A Mystery Story
John SharpWriting and Research
Ethan D Silverman
Barbara B. Morris
Strings is a mystery story set inside the mind of a comatose psychiatric patient. It is designed for a single participant who is situated in the role of the patient’s psychiatrist. The doctor uses an experimental Neurolink device to access the mind of the patient, Arianna, through her coma with the goal helping her to escape from the psychological maze in which she is trapped. However, the plan backfires when Arianna begins to guess that she is not alone in her mind.
The story is loosely based on the Greek myth of Theseus and the Minotaur resituated in a contemporary context. It utilizes the Unity game engine, the Oculus Rift virtual reality (VR) headset, and a custom controller to create a narrative environment in which the player progresses through the story by exploring a surreal landscape. Strings touches on issues of how current and emerging technology obscures the boundaries between private and shared space, and raises questions about agency and consent in digital environments.
Strings is an immersive mystery story that explores the convergence of public and private space in digital environments and questions how this merging may evolve as media becomes ever more immersive and invasive through the use of augment and virtual reality devices.
The story developed out of an exploration of how new technology and interactive media are transforming the way we create and consume fiction. Online multiuse forums such as Facebook, Twitter, and Tumblr provide an easy avenue to stay in contact with friends, acquaintances, and business contacts in a single virtual space. In these settings, the edges between the public and private spheres are often loosely differentiated. Creating, editing, curating, and publishing content is essential component of online involvement. Thus participants become storytellers if only to those in their immediate social circles. As such, authorship and fiction are often difficult or impossible to distinguish from consumption and non-fiction in digital environments.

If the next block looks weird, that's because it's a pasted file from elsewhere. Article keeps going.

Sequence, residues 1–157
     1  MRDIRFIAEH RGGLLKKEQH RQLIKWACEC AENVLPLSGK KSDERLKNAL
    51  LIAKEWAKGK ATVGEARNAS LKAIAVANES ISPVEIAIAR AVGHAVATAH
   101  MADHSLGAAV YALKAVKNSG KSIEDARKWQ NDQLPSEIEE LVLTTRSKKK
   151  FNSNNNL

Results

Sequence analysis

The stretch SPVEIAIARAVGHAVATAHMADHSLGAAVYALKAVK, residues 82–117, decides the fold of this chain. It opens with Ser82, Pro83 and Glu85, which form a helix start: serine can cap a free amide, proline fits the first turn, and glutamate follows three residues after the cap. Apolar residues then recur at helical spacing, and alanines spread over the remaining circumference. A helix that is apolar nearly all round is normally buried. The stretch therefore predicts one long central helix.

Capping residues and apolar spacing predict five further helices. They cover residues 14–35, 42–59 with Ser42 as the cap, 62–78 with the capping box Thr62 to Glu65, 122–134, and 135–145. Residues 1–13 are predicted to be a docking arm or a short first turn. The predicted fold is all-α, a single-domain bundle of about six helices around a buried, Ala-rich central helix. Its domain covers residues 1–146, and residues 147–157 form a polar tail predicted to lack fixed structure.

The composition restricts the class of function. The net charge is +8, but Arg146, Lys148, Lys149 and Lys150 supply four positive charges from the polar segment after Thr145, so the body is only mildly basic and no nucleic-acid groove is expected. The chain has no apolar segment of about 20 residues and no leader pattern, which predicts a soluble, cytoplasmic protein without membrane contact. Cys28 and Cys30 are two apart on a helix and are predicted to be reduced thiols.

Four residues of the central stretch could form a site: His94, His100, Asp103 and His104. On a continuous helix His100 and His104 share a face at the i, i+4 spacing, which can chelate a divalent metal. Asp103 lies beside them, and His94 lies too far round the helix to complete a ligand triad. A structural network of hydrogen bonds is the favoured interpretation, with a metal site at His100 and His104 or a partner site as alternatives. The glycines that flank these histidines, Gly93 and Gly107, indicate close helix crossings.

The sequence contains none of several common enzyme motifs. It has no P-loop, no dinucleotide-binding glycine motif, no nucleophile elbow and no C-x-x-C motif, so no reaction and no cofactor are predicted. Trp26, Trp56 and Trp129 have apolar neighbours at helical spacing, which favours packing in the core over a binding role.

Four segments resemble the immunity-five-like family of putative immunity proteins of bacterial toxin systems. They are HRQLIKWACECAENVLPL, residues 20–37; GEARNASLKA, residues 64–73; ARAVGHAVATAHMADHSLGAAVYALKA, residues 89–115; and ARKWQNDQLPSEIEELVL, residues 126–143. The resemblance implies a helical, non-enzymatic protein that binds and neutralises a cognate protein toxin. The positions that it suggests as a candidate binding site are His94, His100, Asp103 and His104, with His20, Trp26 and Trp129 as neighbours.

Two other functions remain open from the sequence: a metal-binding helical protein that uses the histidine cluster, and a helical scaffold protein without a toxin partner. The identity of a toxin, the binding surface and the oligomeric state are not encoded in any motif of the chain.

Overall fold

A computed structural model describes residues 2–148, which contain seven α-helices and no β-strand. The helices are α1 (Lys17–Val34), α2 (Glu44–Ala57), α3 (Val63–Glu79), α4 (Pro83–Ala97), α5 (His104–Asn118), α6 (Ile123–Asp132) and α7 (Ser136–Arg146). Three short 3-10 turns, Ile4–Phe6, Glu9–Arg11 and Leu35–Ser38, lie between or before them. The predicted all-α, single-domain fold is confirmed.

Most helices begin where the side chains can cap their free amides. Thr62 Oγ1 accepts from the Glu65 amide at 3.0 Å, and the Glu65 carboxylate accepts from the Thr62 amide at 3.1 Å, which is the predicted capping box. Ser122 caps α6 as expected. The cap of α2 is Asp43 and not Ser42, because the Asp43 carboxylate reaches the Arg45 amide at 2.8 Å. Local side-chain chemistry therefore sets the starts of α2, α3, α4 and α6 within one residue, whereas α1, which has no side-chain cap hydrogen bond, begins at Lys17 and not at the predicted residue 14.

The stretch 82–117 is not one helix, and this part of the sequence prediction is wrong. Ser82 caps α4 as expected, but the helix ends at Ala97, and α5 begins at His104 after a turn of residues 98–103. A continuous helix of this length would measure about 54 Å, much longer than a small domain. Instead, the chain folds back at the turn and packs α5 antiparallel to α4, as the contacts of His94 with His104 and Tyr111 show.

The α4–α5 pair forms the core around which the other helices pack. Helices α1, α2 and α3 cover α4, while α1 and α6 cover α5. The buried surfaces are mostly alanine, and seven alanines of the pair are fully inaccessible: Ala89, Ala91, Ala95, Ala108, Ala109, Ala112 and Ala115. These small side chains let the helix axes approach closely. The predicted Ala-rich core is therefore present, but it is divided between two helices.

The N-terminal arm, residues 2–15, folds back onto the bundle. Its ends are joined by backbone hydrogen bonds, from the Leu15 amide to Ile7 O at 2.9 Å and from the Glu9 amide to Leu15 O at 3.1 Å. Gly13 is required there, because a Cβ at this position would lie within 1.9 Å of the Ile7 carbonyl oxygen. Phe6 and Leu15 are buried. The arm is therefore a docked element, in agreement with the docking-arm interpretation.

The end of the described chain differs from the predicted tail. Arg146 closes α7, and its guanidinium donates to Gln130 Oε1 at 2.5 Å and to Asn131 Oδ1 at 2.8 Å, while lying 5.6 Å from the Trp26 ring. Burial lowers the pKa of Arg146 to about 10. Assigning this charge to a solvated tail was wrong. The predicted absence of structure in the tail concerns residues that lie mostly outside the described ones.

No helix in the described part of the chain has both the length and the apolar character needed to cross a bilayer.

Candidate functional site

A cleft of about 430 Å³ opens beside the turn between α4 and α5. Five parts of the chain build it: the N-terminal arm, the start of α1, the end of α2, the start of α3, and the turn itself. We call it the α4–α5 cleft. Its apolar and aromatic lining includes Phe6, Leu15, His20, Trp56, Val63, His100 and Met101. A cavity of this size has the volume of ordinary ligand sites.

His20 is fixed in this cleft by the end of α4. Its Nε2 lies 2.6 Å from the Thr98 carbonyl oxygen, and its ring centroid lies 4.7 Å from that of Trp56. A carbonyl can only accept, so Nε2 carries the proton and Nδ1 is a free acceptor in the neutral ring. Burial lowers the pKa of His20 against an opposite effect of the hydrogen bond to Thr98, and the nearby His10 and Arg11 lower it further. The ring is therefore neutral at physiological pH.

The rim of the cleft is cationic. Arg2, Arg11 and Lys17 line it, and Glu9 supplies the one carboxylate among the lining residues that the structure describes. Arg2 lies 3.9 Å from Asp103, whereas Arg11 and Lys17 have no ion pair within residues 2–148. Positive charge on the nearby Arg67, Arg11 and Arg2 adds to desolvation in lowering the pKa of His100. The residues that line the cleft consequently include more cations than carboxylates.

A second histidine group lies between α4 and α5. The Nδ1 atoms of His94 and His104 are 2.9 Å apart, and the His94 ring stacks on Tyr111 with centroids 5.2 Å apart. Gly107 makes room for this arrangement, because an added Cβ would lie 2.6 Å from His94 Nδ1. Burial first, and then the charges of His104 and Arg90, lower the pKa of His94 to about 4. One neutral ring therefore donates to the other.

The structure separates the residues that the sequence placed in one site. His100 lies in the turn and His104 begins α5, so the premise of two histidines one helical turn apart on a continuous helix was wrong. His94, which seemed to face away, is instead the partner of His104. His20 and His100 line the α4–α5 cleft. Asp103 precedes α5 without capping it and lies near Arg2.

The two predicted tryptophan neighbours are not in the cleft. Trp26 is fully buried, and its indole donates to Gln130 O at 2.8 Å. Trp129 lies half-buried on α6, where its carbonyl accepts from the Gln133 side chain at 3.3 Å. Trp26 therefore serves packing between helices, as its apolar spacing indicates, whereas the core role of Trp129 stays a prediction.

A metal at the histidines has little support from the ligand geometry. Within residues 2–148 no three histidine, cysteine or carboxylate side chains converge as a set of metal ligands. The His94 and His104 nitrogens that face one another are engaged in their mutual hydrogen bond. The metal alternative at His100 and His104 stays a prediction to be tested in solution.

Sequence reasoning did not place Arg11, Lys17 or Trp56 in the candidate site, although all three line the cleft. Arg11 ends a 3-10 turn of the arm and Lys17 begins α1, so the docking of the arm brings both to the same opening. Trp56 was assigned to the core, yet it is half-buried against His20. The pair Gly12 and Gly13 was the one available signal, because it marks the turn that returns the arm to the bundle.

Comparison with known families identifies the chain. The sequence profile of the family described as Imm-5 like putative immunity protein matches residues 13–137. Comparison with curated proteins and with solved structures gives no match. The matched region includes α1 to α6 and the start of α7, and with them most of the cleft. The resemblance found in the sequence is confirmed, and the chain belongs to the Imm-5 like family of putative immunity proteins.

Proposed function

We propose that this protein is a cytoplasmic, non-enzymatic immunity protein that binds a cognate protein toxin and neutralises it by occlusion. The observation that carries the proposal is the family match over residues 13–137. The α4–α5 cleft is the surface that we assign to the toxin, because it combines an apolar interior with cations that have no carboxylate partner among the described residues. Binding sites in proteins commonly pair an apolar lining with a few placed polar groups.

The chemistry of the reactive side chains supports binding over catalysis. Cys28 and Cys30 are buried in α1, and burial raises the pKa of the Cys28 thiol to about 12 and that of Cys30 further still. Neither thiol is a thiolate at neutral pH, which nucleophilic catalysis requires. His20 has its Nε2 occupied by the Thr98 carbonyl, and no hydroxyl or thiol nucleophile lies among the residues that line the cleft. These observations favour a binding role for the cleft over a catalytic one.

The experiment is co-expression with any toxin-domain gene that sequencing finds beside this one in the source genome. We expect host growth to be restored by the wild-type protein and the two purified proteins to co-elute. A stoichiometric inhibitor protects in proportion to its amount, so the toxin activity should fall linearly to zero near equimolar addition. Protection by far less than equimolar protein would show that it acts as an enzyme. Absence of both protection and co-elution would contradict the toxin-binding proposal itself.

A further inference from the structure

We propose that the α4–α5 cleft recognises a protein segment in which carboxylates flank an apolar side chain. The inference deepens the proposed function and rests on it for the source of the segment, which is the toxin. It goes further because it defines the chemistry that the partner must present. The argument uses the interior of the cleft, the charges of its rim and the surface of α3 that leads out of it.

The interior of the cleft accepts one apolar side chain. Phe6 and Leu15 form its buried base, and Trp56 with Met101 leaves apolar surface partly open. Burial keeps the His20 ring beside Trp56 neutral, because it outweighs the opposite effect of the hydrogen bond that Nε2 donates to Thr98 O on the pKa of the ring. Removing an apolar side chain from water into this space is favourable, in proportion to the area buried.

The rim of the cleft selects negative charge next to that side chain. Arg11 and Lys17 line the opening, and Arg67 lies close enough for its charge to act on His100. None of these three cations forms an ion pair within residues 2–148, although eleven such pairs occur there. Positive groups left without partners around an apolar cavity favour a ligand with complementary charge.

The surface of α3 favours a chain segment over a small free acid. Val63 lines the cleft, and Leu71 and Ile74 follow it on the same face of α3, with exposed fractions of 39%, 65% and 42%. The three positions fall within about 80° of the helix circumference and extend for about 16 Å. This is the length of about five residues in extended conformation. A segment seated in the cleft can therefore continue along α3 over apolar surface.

Virtual reality is one such emerging technology that offers both exciting opportunities for storytelling and a number of interesting restrictions. The interaction design of Strings draws inspiration from a variety of immersive narrative forms, including interactive theater, audio walks, art installations, transmedia projects, games, and interactive fiction (IF).
The story is loosely based on the Greek myth of Theseus and the Minotaur resituated in a contemporary context. It utilizes the Unity game engine, the Oculus Rift virtual reality (VR) headset, and a custom controller to create a narrative environment in which the player progresses through the story by exploring a surreal landscape.
This project is aimed at people who create or enjoy participating in experimental storytelling experiences. It relies on virtual reality technology and a custom built controller, and is thus currently restricted to consumption in a gallery or exhibition setting.
Strings is still a work in progress. The story is told in a chapter format. There are five chapters in all, as well as a prologue and epilogue. Visitors to the MFADT thesis exhibition will be able to experience the prologue and first chapter.
Natasha Lewandrowski is an artist, designer, and writer working at the intersection of digital media and physical craft. Her work explores the convergence of digital and physical space through interactive animation, virtual reality, and wearable devices. Lewandrowski graduated from the Maryland Institute College of Art (MICA) in 2007 with a BFA in Sculpture. She worked at the Seattle Art Museum until 2012. It was there that she became interested in interaction design, and particularly in developing experiences that integrate physical and digital components. After graduation, Lewandrowski intends to pursue a career in interaction design while continuing to create art that explores human interaction in mixed physical/virtual environments.